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Yellow fever from Angola and Congo: a storm gathers.

Abstract

In common with Zika, Chikungunya and Dengue, Yellow Fever (YF) is an arthropod-borne flavivirus. It is transmitted between humans and from monkeys by mosquitoes of the Aedes aegypti (its principal vector), haemogogus and albopictus varieties. Three cycles of transmission may occur: urban; sylvatic; and intermediate. Recently, sub-Saharan Africa has seen the resurgence of this neglected disease. The current YF outbreak in Angola began in December 2015 in the capital Luanda and by October 2016 there had been > 4300 suspected cases, with 376 deaths (case fatality rate = 8.8%). A total of 884 were laboratory confirmed but it is likely that case numbers may be seriously underestimated. YF has subsequently quickly spread to neighbouring Congo and further afield to Kenya and also China, this being of grave concern as this was a first introduction of YF to Asia. YF has recently hit Brazil, with 555 suspected cases and 107 deaths reported by the end of January 2017. Extremely rapid unplanned urban migration in Africa by non-immune rural populations to already densely populated cities, where high densities of mosquitoes co-exist with city dwellers in makeshift flimsy accommodation, poses a ready recipe for an epidemic of massive proportion. In such conditions, with enormously strained public services existing among the most needy and vulnerable populations, mosquito control programmes are nearly impossible. YF in Congo is a tempest barely restrained. However, it is one that can be controlled by focused and committed international collaboration, by intense and united political will and by the marriage of old and trusted techniques: a vaccine almost a century old and some of the most modern technologies available to man.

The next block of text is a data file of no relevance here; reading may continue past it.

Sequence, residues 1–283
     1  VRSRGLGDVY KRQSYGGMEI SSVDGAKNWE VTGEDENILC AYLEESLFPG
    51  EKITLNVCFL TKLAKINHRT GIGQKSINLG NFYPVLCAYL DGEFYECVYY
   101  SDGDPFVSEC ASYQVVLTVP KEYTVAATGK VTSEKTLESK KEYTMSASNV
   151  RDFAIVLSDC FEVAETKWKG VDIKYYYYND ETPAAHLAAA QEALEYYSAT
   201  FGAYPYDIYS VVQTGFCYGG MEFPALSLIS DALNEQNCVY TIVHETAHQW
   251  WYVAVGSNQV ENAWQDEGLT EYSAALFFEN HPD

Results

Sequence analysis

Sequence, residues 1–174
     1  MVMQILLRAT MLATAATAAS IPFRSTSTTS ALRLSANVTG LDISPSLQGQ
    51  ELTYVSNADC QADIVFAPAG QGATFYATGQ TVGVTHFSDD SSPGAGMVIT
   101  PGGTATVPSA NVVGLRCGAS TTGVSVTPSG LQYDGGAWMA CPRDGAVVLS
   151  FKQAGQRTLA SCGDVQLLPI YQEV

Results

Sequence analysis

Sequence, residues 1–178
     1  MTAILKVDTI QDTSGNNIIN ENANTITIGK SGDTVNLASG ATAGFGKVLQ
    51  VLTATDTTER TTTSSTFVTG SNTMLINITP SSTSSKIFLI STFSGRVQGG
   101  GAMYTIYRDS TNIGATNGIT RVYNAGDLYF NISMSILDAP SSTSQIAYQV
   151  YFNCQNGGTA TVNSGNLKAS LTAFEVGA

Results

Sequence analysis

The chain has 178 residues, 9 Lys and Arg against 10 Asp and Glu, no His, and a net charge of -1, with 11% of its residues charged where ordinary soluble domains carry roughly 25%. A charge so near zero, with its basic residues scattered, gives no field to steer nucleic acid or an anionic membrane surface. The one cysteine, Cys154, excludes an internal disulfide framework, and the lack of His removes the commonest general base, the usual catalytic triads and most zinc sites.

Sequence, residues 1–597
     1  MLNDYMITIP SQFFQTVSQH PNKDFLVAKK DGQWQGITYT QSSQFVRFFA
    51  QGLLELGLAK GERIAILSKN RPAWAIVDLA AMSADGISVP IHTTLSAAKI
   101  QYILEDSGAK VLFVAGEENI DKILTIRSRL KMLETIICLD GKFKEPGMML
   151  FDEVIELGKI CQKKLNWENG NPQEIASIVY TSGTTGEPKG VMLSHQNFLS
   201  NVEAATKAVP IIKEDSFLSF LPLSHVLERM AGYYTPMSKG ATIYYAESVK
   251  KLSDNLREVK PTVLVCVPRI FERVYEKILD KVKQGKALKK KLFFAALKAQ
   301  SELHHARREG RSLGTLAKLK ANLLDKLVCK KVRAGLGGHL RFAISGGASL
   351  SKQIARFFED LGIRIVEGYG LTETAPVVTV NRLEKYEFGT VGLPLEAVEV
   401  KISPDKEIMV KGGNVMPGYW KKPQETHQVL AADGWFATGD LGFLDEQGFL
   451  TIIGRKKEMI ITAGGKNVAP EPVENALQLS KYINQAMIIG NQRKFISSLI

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  • Authors+Show Affiliations

    ,

    1 Division of Pulmonary Disease and Critical Care Medicine, Department of Medicine, Winthrop University Hospital. 2 Associate Professor of Medicine, State University of New York (SUNY) at Stony Brook, New York, USA.

    3 Senior Consultant, Infectious Diseases & Director Research Center, Prince Mohammed bin Abdulaziz Hospital, Ministry of Health, Riyadh, Kingdom of Saudi Arabia. 4 Professor, Hubert Department of Global Health, Rollins School of Public Health, Emory University, Atlanta, GA, USA.

    Source

    Tropical doctor 47:2 2017 Apr pg 92-96

    Pub Type(s)

    Journal Article

    Language

    eng

    PubMed ID

    28424031